All Christians are part of one united spiritual body, the church (Ephesians 4:4), the bride of Christ (2 Corinthians 11:2), of which Christ is the head (Ephesians 1:22; Colossians 1:18). The Scripture directs believers to gather together to devote themselves to worship, prayer, teaching of the Word, the Lord’s Supper, fellowship, service to the body, and outreach to the world (Acts 1:8; Acts 2:38-42; Ephesians 4:12). Wherever God’s people meet regularly, this is the local expression of the church (Acts 20:17; Galatians 1:2; Hebrews 10:25). Under the protection and oversight of elders (Acts 20:28), its members are to work together in love and unity, intent on the ultimate purpose of glorifying Christ and making disciples of all nations (Matthew 28:18-20; Ephesians 3:21).


Baptism is commanded by our Lord and His apostles (Matthew 28:19). Everyone who professes faith in Christ must be baptized for the forgiveness of sins and to receive the promised gift of the Holy Spirit (Acts 2:38). This gift ensures that the Christian has the spiritual power to live for Christ. (See section “The Holy Sprit” above.) Baptism should occur as soon as possible upon confession of faith in Christ, as modeled in Acts (Acts 2:38-41, Acts 8:35-39; Acts 16:31-33). Baptism by immersion is taught in Scripture and demonstrates the death, burial and resurrection of both the believer and Jesus Christ (Romans 6:1-15). Baptism demonstrates fellowship and identification with the Church, which is the visible body of Christ (Acts 2:41-42).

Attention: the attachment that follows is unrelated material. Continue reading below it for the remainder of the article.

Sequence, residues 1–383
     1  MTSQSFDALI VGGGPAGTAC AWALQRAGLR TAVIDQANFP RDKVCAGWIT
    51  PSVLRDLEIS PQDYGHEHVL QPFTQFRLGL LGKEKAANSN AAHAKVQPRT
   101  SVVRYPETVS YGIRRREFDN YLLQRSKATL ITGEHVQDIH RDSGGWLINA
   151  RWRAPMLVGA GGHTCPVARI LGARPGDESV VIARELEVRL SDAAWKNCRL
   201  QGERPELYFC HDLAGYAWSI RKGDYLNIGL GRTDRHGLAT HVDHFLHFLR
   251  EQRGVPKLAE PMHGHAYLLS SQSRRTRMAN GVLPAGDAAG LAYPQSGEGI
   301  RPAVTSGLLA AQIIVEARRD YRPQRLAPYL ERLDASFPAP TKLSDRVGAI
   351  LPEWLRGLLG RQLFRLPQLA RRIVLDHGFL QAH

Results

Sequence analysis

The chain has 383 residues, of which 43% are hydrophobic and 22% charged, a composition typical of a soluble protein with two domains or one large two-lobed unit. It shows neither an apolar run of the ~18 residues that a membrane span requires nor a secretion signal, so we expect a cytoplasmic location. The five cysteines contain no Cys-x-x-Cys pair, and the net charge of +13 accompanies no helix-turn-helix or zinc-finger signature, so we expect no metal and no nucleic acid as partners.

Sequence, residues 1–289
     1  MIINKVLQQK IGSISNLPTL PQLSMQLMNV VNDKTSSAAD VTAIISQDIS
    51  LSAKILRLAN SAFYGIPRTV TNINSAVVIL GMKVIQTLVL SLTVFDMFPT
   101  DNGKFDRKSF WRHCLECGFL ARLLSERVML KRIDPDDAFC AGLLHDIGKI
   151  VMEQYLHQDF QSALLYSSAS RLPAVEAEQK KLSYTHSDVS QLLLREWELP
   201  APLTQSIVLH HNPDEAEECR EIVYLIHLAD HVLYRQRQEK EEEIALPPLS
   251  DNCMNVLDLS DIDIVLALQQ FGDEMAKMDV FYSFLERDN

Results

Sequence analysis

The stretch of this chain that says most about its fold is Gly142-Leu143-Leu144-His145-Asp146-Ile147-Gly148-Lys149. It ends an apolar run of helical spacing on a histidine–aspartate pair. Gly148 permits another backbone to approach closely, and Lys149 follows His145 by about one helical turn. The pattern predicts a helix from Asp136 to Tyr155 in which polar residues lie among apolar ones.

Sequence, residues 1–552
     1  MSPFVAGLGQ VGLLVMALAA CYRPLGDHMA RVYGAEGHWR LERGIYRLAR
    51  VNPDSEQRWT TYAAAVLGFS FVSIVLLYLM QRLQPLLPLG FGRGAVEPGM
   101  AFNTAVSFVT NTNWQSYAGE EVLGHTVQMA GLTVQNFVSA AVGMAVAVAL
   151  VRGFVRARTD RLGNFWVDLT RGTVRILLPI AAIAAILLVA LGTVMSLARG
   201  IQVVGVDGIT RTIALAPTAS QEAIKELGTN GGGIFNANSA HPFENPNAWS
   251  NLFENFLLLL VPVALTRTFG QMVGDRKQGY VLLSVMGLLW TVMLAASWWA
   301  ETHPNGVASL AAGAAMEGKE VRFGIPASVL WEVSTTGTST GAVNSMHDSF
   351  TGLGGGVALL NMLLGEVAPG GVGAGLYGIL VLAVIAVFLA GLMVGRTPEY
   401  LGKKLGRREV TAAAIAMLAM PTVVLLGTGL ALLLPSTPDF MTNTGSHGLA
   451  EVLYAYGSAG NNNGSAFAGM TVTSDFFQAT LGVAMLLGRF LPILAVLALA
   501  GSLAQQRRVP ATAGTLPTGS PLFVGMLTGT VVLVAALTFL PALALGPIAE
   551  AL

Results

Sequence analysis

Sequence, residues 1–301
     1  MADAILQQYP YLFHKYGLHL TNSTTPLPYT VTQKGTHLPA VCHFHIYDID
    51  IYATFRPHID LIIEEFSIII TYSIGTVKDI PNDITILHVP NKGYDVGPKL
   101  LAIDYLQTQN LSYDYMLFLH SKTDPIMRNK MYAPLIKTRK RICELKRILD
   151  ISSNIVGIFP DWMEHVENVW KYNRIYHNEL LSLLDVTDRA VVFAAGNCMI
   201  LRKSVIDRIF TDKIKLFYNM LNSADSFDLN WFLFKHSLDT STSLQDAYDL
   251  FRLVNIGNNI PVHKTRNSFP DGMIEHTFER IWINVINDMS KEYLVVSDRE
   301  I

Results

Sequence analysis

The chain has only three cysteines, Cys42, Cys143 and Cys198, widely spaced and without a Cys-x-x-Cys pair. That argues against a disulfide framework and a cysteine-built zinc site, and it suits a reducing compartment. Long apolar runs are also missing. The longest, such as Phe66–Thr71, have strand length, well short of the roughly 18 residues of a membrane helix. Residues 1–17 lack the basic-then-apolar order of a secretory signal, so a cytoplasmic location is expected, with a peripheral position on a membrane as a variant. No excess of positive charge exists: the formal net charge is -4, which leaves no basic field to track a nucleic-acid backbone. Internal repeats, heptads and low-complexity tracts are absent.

The Lord’s Supper

The purpose of the Lord’s Supper is to remember Christ’s death until He comes, and should always be preceded by solemn self-examination (1 Corinthians 11:28-32). Even though the loaf and cup are only representative of the flesh and blood of Christ, the Lord’s Supper is nevertheless an actual communion with the risen Christ, who is present in a spiritual way, in fellowship with His people (1 Corinthians 10:16). In the example of the early church, we offer the Lord’s Supper weekly.

Human Destiny

Death seals the eternal destiny of each person (Hebrews 9:27). For all humankind, there will be a resurrection of the body into the spiritual world and a judgment that will determine the fate of each individual. The saved will be raised to eternal life and will be rewarded for works done in this life (John 6:39; Romans 8:10-11, 19-23; 2 Corinthians 4:14), and the unsaved to judgment and everlasting punishment (Daniel 12:2; John 5:29).